The latest excessive fee case has ended with a win for the fund company and a loss for plaintiffs.
Among the key takeaways from the court’s decision are the following:
- The court rejected the plaintiffs’ assertion that it was constrained to review only the services provided by AXA Equitable Life Insurance Company (AXA) pursuant to the explicit terms of the contracts between AXA and the funds. Instead it found that it was more appropriate to review the totality of the advisory and administrative services actually provided by AXA. The court concluded “the duties performed by FMG are far more extensive than plaintiffs’ contention that FMG delegated all of its work” to sub-advisers.
- The court rejected the plaintiffs’ contention that treating the fees paid to sub-advisers and sub-administrators as expenses to the adviser for purposes of calculating the adviser’s profitability in managing the funds was improper.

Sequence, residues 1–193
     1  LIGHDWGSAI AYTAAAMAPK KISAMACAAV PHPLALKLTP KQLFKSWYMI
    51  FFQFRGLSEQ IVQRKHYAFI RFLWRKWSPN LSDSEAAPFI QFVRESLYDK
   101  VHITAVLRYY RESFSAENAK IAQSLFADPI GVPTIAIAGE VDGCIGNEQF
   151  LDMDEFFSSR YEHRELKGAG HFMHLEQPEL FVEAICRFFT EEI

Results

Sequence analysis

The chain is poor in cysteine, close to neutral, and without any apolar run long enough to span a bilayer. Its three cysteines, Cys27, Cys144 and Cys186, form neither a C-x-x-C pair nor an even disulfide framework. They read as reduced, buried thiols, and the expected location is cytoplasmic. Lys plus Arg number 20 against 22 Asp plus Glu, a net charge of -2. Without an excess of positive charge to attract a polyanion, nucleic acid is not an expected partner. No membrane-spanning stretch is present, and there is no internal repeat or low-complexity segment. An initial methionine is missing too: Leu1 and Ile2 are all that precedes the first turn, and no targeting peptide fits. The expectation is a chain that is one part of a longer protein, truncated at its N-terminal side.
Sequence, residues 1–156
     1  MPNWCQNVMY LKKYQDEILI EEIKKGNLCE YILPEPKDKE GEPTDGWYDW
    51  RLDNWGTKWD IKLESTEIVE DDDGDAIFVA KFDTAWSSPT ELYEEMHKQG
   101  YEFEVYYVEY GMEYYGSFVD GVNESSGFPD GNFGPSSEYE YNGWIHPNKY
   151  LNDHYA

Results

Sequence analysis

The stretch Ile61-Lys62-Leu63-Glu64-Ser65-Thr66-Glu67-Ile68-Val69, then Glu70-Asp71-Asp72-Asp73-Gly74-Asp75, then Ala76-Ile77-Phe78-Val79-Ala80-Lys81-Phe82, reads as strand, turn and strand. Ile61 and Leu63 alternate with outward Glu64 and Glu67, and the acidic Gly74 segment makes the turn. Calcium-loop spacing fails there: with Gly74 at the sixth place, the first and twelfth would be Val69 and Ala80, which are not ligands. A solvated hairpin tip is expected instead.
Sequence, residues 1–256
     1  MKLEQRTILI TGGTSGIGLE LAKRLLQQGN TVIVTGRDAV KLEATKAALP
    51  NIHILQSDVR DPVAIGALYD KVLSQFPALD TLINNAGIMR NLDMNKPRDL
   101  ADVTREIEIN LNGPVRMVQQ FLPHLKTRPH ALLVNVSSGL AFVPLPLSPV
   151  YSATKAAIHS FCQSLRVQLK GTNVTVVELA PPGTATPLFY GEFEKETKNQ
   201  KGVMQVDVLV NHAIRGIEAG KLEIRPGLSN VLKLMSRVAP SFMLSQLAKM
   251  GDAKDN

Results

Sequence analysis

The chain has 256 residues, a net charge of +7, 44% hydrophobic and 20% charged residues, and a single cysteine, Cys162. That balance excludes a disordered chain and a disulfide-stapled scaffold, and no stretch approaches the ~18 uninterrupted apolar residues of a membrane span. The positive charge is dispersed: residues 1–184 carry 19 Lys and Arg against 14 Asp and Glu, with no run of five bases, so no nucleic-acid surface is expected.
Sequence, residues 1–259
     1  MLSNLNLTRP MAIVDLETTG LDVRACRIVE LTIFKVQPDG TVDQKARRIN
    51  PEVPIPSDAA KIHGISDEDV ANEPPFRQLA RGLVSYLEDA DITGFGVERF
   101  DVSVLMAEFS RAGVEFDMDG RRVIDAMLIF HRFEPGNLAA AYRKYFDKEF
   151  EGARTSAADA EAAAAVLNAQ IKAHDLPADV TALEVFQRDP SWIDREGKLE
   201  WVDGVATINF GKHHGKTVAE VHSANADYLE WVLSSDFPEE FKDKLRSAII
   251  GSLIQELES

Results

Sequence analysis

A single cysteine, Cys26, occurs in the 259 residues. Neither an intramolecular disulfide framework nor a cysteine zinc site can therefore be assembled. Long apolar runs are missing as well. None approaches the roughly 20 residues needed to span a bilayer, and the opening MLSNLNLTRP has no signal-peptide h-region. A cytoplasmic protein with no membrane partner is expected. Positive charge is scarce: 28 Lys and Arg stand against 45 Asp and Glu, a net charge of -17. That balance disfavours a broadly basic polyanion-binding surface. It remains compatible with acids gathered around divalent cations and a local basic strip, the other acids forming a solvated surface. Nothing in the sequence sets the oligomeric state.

We will provide further analysis of the district court’s ruling in a separate news release.
After listening to 25 days of testimony earlier this year in an excessive fee case against AXA, a federal judge in New Jersey dismissed the case whole cloth. The U.S. District Judge Peter Sheridan found plaintiffs’ attorneys failed at every aspect in proving a breach of Section 36(b), which prohibits excessive investment advisory fees.